New research reveals the order in which the brain makes movement decisions.
New research by Jason Gallivan and Randy Flanagan (Neuroscience/Centre for Neuroscience Studies) reveals that, when humans are presented with two action options, the brain’s motor neurons prepare for both possibilities before deciding which action to take.
This finding supports the idea that the brain represents the world as a series of possible actions and objects to interact with.
“Whether you’re navigating a route to work or browsing produce at the grocery store, our brains are constantly making decisions about movement,” Dr. Gallivan says. “Even outside your conscious awareness, your motor system appears to always be operating in the background, coming up with potential actions. Should I reach for the red or green apple? When should I cross the street?”
Neuroscientists have long debated which comes first – the decision about which target to act on or the movement plan. Motor decisions in the brain happen so quickly that determining the order in which these processes take place is challenging. For this research, Drs. Gallivan and Flanagan devised a task that separated visual targets from the movement needed to reach them.
Sixteen volunteers were asked to steer a cursor towards one of two targets, but the catch was they had to start the movement before finding out which target they’d have to pick.
“When you’re forced to launch an action without knowing which target is going to be selected, people simply launch actions that are right down the middle, between the targets,” Dr. Gallivan says. “This minimizes the corrections needed to reach each target. However, we don’t know whether this reflects a deliberate strategy to aim in between the target locations or a byproduct of two possible movements having being prepared in parallel.”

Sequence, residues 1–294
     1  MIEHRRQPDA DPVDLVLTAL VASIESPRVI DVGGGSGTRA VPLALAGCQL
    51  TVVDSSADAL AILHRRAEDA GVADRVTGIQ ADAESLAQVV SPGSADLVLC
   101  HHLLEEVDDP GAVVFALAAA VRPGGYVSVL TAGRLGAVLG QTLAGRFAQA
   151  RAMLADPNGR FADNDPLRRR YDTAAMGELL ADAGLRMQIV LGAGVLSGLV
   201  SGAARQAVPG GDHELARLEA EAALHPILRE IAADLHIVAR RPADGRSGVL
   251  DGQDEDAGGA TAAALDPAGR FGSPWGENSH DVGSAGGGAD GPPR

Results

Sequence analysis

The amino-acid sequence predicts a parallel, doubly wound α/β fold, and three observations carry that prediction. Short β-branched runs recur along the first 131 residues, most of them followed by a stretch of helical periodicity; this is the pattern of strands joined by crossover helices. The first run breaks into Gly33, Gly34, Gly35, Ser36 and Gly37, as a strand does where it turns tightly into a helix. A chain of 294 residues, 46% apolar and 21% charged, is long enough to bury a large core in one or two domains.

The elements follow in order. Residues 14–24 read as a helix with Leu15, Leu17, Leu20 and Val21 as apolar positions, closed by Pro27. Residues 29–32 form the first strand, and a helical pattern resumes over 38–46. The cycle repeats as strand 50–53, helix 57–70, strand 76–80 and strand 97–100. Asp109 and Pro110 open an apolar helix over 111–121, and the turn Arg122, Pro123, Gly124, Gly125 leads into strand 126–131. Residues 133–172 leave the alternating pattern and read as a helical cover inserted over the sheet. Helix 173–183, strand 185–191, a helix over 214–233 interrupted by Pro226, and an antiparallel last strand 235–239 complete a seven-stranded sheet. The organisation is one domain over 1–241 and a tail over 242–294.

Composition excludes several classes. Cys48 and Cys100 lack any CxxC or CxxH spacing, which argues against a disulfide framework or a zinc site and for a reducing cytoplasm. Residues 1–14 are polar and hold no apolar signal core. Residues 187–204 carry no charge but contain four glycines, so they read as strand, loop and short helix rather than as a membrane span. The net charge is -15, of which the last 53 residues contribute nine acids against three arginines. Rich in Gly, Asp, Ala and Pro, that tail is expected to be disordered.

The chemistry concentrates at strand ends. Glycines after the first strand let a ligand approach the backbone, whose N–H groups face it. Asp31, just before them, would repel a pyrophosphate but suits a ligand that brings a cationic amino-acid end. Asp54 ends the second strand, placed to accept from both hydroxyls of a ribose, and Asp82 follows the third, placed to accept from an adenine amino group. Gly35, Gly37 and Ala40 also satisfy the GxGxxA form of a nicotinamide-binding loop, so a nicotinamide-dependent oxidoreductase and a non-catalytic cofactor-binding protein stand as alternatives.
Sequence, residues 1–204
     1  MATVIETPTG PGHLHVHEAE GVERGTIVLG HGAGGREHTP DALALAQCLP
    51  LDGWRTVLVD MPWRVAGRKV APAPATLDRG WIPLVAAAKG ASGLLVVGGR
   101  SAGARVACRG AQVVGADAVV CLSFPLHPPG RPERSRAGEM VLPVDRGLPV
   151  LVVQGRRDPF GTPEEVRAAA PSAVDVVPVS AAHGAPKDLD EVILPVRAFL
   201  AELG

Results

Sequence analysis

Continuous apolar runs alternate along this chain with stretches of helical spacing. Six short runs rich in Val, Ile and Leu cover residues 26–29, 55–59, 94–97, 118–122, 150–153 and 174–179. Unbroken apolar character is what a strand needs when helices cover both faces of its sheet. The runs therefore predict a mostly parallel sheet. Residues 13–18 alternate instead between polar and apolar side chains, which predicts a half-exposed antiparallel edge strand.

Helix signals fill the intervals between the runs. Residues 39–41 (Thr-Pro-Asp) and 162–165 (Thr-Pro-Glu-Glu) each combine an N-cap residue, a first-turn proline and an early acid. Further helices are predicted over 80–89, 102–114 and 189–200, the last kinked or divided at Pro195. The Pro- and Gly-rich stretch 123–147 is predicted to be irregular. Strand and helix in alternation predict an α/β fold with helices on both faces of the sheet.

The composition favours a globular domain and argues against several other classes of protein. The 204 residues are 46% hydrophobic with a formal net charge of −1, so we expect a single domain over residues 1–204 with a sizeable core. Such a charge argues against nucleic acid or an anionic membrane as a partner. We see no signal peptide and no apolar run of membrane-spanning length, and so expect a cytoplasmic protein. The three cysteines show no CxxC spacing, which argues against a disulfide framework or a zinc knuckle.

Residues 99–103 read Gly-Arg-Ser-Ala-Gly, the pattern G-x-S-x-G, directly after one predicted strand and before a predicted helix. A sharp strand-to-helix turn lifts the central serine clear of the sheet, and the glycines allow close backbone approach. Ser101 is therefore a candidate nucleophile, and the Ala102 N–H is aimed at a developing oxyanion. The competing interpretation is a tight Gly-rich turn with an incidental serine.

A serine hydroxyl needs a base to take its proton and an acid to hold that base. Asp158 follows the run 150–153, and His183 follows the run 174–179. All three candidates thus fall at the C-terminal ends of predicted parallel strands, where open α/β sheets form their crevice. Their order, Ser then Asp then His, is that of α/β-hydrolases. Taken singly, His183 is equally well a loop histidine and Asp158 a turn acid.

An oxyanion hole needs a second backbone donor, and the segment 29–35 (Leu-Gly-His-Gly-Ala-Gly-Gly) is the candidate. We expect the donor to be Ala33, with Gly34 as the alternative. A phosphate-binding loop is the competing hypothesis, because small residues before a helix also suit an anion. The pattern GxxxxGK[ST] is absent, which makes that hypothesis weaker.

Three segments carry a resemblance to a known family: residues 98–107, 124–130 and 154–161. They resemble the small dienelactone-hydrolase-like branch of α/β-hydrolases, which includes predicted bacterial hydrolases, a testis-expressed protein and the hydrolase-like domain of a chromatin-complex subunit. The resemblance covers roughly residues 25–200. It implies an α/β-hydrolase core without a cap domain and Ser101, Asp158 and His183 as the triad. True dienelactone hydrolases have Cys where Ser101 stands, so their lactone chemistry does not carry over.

In a twist, there was a hidden feature in the task. At first, the position of the cursor matched the position of the hand exactly, but with each repetition of the task, the cursor slipped a little bit more out of sync with the hand. Because the change was so gradual and because the volunteers couldn’t see their hand, people were unaware that they gradually compensated for the hand-cursor mismatch by altering their hand movement.
When the researchers analyzed the data, they found the volunteers’ hand movements were the average of the movement paths needed to reach the two potential targets, and not an average of the visual target directions. This suggests that people were unconsciously preparing for the two potential movements prior to having selected the final target.
“Our work portends itself to the design of more intelligent robotics,” Dr. Gallivan says about the results. “Whereas we have been able to design computer programs that can beat the grandmasters at chess, we have yet to design a robot that can interact with the world in a way that matches the manual dexterity of a five-year-old child.”
The research was recently published in Cell Reports.